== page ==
After COVID-19 has subsided, the housekeeping department will be front and center of the new normal hotel experience. Anxious guests will seek out those properties that can give them peace of mind by guaranteeing their safety through heightened cleanliness procedures, and at the same time there may be new regulations coming to mandate stricter sanitization protocols. All this has a cost, though.
Last year and long before the possibility of a pandemic entered our collective consciousness, the idea of housekeeping opt-out became a hotly debated subject for hotel operations with the dividing line coming down to the protection of brand standards versus cutting costs.
On the one hand, a freshly cleaned guestroom each and every day is a core service for traditional hotels, and a strong motivator for customers, particularly at the luxury end where housekeeping becomes a product differentiator in its own right. What room attendants do is better than what travelers get at their homes and no doubt guests appreciate this service as part of a wholly satisfying experience. Indeed, old school hoteliers would argue that a hotel isn’t a hotel without daily housekeeping.
Yet on the other hand, many guests don’t like to have anyone enter their rooms during their stays. The reasons for this vary. Some in this latter camp are short-stay businesspersons who rarely use the room and thus see no need for this service. Others are perhaps influenced by home sharing accommodations that do not regularly utilize daily cleaning.
I have been and remain a staunch proponent of the former mentality in that housekeeping is now more than ever a critical operation to help draw in guests. However, I can nevertheless see a situation where housekeeping opt-out becomes increasingly frequent at the economy and midscale end, both as a method to cut costs and to meet a growing demand for ‘contactless travel’.
Breaking this down a bit further, it’s easy to see how new guestroom cleaning SOP requirements designed to prevent the transmission of diseases can mushroom into hemorrhaging labor costs. At the low end where customers are far more price sensitive, not offering daily housekeeping or giving the option for an opt-out may be the only way to maintain a competitive nightly rate versus alternate accommodation providers.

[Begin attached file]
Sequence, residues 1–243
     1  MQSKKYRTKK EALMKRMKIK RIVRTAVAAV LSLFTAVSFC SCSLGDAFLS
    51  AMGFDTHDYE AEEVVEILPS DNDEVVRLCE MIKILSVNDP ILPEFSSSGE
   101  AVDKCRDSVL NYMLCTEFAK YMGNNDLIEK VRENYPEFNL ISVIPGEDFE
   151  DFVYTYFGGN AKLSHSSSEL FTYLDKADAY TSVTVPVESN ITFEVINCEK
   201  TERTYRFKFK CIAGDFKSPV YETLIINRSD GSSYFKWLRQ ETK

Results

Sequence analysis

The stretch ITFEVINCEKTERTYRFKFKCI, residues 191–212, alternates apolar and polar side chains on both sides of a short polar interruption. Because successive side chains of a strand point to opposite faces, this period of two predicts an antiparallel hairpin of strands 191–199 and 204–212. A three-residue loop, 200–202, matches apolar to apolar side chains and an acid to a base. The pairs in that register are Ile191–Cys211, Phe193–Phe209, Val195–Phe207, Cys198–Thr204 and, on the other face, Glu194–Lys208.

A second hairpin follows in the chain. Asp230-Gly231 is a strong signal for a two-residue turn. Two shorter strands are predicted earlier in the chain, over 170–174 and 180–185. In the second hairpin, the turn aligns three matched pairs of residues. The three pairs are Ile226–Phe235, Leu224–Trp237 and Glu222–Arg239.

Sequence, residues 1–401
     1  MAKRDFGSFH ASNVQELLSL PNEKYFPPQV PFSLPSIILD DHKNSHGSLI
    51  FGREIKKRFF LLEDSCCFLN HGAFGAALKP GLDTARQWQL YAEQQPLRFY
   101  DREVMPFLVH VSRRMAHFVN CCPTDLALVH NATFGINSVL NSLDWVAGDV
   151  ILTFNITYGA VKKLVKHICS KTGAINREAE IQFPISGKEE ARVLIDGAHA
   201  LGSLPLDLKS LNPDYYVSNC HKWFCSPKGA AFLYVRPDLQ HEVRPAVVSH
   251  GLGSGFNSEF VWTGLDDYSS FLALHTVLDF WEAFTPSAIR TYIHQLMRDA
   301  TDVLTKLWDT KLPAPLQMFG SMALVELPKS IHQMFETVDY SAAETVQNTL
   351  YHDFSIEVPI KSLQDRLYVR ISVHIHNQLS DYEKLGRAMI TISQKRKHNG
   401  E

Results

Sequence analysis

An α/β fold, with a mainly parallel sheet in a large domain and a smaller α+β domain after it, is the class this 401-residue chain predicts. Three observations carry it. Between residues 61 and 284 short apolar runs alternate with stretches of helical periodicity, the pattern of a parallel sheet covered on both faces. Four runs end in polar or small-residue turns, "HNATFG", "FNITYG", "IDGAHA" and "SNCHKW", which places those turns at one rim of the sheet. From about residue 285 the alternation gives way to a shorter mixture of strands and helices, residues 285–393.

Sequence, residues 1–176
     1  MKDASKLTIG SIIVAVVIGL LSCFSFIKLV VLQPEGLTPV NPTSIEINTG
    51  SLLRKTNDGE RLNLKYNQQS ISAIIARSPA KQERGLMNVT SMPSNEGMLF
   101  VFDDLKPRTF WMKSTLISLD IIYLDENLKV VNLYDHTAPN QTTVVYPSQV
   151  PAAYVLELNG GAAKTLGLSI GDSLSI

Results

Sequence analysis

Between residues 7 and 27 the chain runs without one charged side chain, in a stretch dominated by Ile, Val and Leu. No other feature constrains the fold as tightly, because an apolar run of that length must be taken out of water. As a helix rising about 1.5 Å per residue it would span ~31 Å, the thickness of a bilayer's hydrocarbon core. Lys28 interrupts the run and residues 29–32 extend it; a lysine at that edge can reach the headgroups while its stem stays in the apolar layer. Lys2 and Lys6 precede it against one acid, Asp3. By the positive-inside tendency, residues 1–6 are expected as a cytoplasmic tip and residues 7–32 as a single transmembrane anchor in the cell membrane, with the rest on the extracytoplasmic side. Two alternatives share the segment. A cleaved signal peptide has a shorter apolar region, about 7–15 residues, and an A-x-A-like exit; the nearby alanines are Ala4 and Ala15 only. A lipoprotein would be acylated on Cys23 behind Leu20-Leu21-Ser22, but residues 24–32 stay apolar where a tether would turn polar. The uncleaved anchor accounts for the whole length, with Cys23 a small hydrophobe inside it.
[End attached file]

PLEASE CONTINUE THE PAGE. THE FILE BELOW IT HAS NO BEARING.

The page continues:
Secondly, there’s that traveler anxiety. In what has been labeled as ‘post-coronavirus stress disorder’, guests may be exceedingly fearful of having unfamiliar persons in their rooms, so much so that they will demand housekeeping opt-out as a way to minimize human interactions. For these individuals, the lack of daily cleaning service is less a matter of saving a few bucks and more about safety.
Much like it was before the coronavirus, the decision as to whether to offer opt-out or not must be made on a brand-by-brand basis as each decides what it means to guests in the new normal. Daily cleaning may be far more central to the hotel experience for a luxury provider than for an economy or even an upscale, urban, business-centric one.
Given the emerging trends, the ability to opt-out may be in far higher demand than previous years, thus making it something worth considering in the coming months. And like before, you can aim to capture as much revenue in-house by offering opt-out as a credit for other services like F&B, spa or parking.
To conclude, let me give you one more hypothetical scenario to show you just how far this anxiety can change operations. Suppose instead of arriving to a fully done up guestroom as is standard for hospitality nowadays, the space is instead left bare, with all the sheets and towels necessary for however many nights you booked stacked inside of sterilized containers just outside the door. It’s then to up to you to make your own bed and get the bathroom to your liking.
Crazy? No question. Hospitality? Not at all in my opinion. But with the heightened nervousness surrounding travel in 2020, extreme measures such as this may be taken by some properties or home sharing operators in order to give guests peace of mind via a clear display that no one has entered the room recently. And, of course, a reduction in staff contact like this also comes with a reduction in costs.
All told, opt-out is still very much on the table for properties that are struggling to keep either ADR in line with the local market average or profits steady given all the new and costly pressures on the housekeeping department. Whatever route you take, just be sure to properly assess beforehand whether any cuts you make are not also cutting away an integral part of the hotel experience.